activist

Hero of the Week: Christine Neumann-Ortiz Fighting for Immigrants

Christine Neumann-Ortiz is the epitome of an activist. She dedicates what seems like every moment of her time to fighting against political causes that hurt immigrant and Latino communities. She has become the leader of a movement that defends the rights of immigrants by organizing masses of people from those groups in solidarity. “For me, it’s making sure we keep that link with each other,” she explains, “and really beat back those politics of divide and conquer. That’s how we’re going to move forward.” Making a change is all about organizing groups of people from the ground up and building a community that is ready to put everything on the line for a new outcome.

Neumann-Ortiz got involved in activism in her early 20s—“late in life,” as she puts it. She began participating in social justice, organizing and realizing that there was “an economic structure that was benefitting from putting one group against the other.” That realization informed her approach to organizing and motivated her to dive deeper into social justice movements. In those early years, she learned the power a movement could have when unifying people from a grassroots level.

A few years later, in 1994, Neumann-Ortiz took her advocacy to a new level when she started the newspaper Voces de la Frontera, or Voices from the Border in English. She used it as a way to draw attention to the terrible conditions in Mexican factories and advocate for fair rights for the workers. The name of the newspaper references the voices of the factory workers in the maquiladora industry who were coming together to demand fair conditions.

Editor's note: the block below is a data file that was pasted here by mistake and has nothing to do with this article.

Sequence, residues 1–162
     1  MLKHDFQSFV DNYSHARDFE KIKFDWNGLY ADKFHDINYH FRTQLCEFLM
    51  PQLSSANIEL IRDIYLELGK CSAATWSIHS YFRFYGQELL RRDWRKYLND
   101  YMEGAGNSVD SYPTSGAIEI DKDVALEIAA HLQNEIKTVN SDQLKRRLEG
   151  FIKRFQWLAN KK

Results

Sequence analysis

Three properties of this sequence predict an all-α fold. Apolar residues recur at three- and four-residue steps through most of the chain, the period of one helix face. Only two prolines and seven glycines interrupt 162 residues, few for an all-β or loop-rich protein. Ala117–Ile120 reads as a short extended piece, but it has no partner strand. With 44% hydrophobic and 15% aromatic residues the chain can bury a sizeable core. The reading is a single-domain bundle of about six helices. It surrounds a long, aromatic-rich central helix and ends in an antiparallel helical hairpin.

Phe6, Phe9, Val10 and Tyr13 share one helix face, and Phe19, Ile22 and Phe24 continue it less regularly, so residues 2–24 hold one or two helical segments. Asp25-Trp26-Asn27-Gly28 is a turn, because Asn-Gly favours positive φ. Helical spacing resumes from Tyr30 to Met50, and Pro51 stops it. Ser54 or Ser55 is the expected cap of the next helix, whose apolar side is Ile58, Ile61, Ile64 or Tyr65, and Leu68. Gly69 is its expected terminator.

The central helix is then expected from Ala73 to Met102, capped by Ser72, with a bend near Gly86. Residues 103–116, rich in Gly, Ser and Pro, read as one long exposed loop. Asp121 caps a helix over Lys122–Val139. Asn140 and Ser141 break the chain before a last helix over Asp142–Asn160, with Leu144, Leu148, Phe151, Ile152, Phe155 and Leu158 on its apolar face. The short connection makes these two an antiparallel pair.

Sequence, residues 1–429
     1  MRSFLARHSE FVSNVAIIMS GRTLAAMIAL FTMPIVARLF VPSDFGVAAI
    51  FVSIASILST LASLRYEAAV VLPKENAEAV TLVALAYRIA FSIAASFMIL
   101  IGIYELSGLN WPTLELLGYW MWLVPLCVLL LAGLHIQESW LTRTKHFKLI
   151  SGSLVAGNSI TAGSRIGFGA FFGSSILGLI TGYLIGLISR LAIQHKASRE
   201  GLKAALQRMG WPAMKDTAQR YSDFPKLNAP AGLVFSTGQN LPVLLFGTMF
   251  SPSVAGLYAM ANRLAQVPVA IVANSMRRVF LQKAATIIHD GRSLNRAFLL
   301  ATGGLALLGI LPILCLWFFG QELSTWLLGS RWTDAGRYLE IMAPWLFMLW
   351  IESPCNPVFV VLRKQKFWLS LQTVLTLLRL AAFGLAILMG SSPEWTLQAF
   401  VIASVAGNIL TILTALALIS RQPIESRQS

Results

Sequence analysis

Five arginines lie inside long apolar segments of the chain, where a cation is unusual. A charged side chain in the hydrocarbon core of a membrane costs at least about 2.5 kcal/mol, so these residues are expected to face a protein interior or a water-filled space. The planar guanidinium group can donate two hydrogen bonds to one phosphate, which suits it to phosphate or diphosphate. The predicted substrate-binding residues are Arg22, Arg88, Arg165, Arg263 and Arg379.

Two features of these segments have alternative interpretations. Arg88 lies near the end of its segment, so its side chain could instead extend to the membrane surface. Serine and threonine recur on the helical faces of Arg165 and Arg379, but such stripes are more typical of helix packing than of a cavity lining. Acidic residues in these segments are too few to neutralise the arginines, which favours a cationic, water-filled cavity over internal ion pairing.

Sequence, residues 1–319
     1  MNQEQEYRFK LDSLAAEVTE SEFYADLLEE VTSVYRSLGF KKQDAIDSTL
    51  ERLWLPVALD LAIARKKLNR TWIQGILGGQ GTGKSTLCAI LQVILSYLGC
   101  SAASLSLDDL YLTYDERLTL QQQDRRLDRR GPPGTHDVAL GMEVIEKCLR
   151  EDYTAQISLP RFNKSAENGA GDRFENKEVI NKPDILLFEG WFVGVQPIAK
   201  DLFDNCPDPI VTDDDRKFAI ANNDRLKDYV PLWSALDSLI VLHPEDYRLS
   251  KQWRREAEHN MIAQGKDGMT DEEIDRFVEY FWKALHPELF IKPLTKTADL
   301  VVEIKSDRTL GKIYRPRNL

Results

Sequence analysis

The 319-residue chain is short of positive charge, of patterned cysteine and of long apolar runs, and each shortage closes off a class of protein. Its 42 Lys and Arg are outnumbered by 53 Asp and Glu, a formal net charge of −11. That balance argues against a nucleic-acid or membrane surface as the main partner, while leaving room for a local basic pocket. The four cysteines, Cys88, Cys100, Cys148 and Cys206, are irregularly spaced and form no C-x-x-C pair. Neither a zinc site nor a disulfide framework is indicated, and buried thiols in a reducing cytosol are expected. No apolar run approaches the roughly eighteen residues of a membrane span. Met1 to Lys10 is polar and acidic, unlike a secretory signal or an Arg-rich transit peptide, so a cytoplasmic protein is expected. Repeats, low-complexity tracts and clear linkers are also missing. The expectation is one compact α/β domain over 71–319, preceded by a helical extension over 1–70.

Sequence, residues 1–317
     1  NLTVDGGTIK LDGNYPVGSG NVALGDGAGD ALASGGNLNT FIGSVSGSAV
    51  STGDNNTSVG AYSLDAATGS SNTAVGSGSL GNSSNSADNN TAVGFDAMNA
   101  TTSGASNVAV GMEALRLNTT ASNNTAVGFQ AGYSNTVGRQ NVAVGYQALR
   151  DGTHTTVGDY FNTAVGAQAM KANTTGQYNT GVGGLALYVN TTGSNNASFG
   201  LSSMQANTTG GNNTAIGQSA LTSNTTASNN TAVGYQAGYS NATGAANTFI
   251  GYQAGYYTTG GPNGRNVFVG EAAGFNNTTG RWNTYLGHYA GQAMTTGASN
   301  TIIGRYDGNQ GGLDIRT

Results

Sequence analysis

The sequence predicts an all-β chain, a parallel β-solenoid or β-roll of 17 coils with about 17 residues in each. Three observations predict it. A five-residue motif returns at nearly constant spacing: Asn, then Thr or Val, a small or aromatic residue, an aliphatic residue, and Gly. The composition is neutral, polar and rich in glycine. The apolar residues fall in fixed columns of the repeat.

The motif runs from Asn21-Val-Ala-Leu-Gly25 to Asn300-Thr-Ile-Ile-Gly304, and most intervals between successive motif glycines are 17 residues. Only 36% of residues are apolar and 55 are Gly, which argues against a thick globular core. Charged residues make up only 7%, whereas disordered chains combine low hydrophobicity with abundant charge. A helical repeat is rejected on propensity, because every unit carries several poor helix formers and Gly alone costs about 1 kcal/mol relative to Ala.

Voces de la Frontera and Neumann-Ortiz continued to grow a larger support system of immigrants, refugees and Latinos. As she explains, “Voces draws strength from its members” and is “able to organize in ways that can scale up powerfully with tens of thousands of people.” Voces has always been a voice for those that don’t have one and has worked to change laws and policies that hinder the lives of their members.

Currently, Voces and Neumann-Ortiz are determined to change Act 126, a law passed by Wisconsin in 2006. Under the law, the state cannot not give driver’s licenses to undocumented immigrants or people without a social security number, but Voces has created the Driver’s License for All campaign to put power back in the hands of immigrants. For undocumented immigrants, no driver’s license could mean not being able to get to work, traffic fines they can’t afford or deportation. If Voces can get their plan for change into the state budget, “it’s the greatest protection for immigrant families in Wisconsin,” says Neumann-Ortiz. “We do need everybody’s help.”

“Organizing is like gardening. It’s constant,” she continues. In conversation, Neumann-Ortiz is quick to talk about the next issue and how to improve policies because there is always more progress to be made. “We just have to make sure that we continue to be strong and unified and bold and the times require it.”

Learn more at vdlf.org/drivercards.

Wisconsin Voices' Markasa Tucker Brings Activists Together